The Evolving Human System
The human species consists of individuals divided into nations and languages, but also functions as one large community. My work seeks to explain large-scale social change by exploring how networks of people connect at local and global levels. This approach also provides useful context for understanding current crises such as social inequality and environmental degradation.
This collection of essays explores several different focus areas:
Households and Communities in Homo sapiens
Households and communities have been central for the full life-course of the human species. And while the existence of households and communities has long been known, it is only within the past 60 years that a full story of their transhistorical significance has emerged. Identifying this pattern has come about through interdisciplinary collaboration of human and natural sciences, to which the contribution of historians has been fundamental.
Published (2020), in Manning, History of Humanity, 229–233
Growth of industry and population in the Anthropocene Epoch—especially since 1800—has amplified human interference with Earth’s physical and biological processes. Waters are diverted, the atmosphere is heated, plant and animal species become extinct, and new viruses spread disease to many species. The hope for economic growth only compounds this environmental destruction, leaving both the Human System and the Earth in trouble.
Karl Marx identified capitalism as a new process within a long-established world market. He argued that capitalist systems emerged in the 1700s as expanded wage labor in manufacturing gave rise to surplus value owned by proprietors. Now, after nearly two centuries of debate, we can gather new thoughts on capitalism, its place in the global economy, its institutional organization, and how it has changed economic, political, and social affairs.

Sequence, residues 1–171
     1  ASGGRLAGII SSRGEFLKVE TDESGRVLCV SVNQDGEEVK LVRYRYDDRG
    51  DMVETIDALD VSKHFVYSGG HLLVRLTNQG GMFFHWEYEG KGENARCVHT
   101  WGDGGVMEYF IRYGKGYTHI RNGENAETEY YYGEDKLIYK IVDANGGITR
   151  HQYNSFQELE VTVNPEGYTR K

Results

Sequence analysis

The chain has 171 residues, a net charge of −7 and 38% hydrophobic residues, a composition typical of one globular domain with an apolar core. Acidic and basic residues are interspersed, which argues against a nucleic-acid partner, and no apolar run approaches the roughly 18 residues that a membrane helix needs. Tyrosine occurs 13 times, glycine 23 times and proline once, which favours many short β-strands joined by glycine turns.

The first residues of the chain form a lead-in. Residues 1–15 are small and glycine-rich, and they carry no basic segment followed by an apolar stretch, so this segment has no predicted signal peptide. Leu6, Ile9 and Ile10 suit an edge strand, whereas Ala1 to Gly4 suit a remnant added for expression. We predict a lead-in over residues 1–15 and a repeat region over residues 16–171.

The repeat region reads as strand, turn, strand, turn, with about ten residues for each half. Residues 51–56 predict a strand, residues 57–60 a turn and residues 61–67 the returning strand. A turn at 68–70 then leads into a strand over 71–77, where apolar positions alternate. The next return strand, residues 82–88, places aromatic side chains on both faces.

The Idea of Civilization
Published (2022), in New Global Studies
“Civilization” is an ideological term invented in the eighteenth century. It links prestigious ancient societies to the classification of modern groups by culture, race, and religion. Since the nineteenth century, the concept of “civilization” has been used to rank and classify societies and to identify and celebrate leaders of progress. In my critique of civilization, I argue that the term usually creates confusion rather than clarity.
Empires and Nations
Published (2022), in Asian Review of World Histories
Empires, having conquered near and distant lands for four millennia, seem to have disappeared. Nations, formed both by consensus and warfare during the past few centuries, now govern almost the entire world. This essay traces the interplay and transformation of empires and nations for the past 250 years, while also considering the expansion of representative government and the emergence of new types of dictatorial government.